Six tips to help you tell your story

Developing a corporate narrative is one of the most important strategic tasks an organisation will ever undertake - but as a communication professional it can be amongst your most daunting.

Fortunately, the LGA’s corporate narrative toolkit is packed with advice and it helped me no end in delivering this at the fire and rescue service where I work.

To be clear - a corporate narrative isn’t an action plan, a re-brand or a brochure. It’s simply a great story, told well and truthfully, about your organisation. Having just been through this process and published my organisation’s story, here are my six tips:

1) Sort out your leaders

The words ‘corporate narrative’ can mean different things to different people, so working with your top team to establish exactly what they are looking for and the visible change they expect to see as a result of developing your organisation’s story is really important. Do this before you do anything else.

For us, after years of funding cuts and service changes, this was all about reminding staff who we are, what we’re good at, what’s important to us and why.

2) Only involve the people you need

It’s important to balance the need for consensus – a story that all the right key people feel they have influenced – against the challenge of ending up with a narrative that’s written by committee, feeling stodgy as a result.

Our approach was to hold focus groups with a representative sample of staff from across the organisation - seven in all. We got feedback on each on the key parts of our story and tweaked our content as a result. But we didn’t over do it and the final words were the work of just one person.

3) Ditch the jargon

Despite championing Plain English for years, I still find myself falling through the buzzword trap door from time to time - especially working for an emergency service where acronyms are a way of life. But we know that using clear, everyday language is key to getting our staff to understand and support our messages. So that’s what we focused on.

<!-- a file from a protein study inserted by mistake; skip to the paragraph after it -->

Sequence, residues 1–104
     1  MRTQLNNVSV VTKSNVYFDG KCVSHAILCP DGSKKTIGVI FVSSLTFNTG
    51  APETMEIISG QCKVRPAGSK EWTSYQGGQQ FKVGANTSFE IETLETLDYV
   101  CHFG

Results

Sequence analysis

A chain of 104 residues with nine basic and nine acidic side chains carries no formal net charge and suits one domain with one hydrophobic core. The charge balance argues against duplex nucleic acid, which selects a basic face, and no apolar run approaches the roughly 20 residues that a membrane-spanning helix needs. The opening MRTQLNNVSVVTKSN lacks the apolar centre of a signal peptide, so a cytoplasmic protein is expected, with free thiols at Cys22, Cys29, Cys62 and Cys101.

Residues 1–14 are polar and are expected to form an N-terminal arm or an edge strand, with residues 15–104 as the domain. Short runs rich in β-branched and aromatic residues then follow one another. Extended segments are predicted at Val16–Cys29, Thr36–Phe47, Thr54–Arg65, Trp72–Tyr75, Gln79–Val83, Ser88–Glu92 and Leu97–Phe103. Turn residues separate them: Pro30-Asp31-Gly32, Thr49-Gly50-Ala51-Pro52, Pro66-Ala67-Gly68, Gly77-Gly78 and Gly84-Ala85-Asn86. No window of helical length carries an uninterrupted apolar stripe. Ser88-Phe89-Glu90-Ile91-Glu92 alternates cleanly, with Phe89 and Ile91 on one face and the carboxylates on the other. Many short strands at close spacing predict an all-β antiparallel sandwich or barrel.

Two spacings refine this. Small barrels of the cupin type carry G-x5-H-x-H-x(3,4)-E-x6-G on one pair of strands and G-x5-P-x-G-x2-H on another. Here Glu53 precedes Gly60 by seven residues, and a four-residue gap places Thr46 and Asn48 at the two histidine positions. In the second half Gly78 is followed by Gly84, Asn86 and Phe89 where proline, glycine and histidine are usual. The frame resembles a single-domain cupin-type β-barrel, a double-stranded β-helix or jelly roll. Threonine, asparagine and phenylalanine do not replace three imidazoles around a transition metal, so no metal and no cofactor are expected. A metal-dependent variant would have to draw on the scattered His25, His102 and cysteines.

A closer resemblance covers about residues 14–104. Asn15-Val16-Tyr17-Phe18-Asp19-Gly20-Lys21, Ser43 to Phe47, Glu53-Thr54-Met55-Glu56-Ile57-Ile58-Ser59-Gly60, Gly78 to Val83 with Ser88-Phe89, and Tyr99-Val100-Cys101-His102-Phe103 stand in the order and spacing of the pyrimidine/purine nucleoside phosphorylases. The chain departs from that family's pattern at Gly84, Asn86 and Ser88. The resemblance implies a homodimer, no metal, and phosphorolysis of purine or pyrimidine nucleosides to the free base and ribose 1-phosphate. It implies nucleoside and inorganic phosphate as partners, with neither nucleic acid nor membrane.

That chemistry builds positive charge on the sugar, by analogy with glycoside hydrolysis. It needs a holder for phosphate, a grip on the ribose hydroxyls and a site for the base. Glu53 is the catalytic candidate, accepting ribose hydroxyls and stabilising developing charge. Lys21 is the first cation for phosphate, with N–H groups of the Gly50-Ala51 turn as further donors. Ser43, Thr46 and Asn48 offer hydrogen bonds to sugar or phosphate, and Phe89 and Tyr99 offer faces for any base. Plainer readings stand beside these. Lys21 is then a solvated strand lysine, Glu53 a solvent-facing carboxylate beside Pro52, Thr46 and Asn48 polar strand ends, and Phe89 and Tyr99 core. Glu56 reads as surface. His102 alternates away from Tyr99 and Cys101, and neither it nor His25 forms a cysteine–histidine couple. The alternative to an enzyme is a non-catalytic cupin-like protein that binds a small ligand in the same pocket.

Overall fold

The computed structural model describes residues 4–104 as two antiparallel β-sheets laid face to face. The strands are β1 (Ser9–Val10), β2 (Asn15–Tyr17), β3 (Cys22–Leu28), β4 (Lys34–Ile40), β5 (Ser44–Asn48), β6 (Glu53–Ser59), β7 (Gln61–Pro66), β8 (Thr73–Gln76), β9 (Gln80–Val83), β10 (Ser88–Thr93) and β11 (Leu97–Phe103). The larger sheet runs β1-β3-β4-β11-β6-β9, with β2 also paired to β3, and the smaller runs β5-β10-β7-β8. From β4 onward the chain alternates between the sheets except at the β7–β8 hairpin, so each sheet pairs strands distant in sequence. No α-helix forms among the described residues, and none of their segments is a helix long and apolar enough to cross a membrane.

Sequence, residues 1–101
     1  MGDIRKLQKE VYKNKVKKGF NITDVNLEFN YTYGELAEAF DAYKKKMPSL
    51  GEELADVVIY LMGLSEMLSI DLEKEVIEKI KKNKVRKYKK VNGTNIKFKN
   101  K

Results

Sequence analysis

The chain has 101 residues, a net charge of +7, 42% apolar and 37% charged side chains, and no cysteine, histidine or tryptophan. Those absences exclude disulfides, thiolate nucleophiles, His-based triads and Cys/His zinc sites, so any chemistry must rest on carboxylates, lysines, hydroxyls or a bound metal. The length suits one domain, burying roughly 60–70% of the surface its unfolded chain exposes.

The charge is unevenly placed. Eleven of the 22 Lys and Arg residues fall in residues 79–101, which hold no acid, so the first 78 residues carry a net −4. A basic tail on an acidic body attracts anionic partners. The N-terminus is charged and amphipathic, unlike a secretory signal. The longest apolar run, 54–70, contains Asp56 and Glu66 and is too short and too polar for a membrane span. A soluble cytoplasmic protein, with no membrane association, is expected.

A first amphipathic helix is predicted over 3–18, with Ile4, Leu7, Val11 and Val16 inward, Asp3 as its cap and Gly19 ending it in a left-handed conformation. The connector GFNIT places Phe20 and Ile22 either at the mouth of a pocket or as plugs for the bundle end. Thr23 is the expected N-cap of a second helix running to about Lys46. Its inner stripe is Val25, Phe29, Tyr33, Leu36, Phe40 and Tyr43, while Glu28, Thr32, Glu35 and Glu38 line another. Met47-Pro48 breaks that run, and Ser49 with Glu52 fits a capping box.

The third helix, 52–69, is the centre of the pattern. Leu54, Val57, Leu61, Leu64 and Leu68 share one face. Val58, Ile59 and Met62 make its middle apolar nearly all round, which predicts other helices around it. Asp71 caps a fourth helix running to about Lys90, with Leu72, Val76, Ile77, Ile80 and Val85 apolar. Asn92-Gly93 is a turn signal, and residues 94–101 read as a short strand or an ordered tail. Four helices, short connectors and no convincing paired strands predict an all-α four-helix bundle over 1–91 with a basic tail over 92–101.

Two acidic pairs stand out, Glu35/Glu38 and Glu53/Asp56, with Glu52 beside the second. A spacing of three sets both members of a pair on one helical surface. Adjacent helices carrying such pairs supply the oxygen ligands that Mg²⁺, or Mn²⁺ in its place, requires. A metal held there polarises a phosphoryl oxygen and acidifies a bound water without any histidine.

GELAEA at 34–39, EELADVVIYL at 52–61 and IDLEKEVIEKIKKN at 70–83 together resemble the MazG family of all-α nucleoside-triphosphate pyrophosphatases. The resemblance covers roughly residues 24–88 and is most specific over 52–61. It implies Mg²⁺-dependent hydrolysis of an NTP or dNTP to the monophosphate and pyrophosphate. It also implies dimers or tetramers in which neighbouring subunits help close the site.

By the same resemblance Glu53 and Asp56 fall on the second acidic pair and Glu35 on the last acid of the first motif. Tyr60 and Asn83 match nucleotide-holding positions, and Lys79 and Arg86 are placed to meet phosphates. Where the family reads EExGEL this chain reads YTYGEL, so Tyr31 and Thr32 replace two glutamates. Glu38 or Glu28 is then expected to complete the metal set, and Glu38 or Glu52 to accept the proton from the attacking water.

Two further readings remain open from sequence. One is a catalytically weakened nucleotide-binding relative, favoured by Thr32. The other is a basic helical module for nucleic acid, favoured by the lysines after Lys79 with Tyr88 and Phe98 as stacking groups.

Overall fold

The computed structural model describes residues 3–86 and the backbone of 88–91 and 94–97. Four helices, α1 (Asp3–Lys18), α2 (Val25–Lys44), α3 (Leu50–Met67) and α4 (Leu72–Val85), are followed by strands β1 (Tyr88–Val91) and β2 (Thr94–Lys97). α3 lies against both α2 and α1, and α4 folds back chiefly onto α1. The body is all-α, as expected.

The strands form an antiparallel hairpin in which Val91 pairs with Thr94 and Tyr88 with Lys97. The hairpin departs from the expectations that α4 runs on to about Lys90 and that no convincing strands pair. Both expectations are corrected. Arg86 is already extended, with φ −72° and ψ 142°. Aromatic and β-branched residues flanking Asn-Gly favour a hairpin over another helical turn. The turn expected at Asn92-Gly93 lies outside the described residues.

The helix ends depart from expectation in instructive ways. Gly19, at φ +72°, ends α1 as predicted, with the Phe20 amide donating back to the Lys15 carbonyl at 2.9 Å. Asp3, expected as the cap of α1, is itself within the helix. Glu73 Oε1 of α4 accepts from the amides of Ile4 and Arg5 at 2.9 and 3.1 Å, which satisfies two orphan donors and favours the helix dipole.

4) Go at your own pace

You’ll have a decision to make. Go for a ‘big bang’ launch - a huge fanfare of events, roadshows and posters to really make staff, public and partners aware that you’ve entered a bright new era. Or follow a phased approach - seeding the key parts of your story over a period of months, so they are more genuinely understood by your staff. We chose the latter.

5) Evaluate, evaluate, evaluate

Internal communication outcomes are notoriously hard to evaluate - but building in some simple measures right at the start of the process is key to knowing how successful you’ve been. We’ll be following these up in a few months' time to see how things have changed.

6) Bring it to life

Whilst comms teams unfairly get a bad rep as the department of fluff- don’t let this put you off sourcing the right creative support so that the materials you produce to tell your story properly pack a punch.

More than that, we wanted our story to inspire our staff so that every member of staff, regardless of rank or role, understands the part they play in what we do. To achieve this, we gathered some of the feedback from our focus groups and turned them into a poem. We then made this into a video which you can view for yourselves here:

 

Alexander Mills is Corporate Communication Manager at South Yorkshire Fire & Rescue. He’s also a member of the LG Comms Executive Committee and FirePRO, a network for communication professionals working in the fire and rescue service.

 

Posted on 2nd October 2018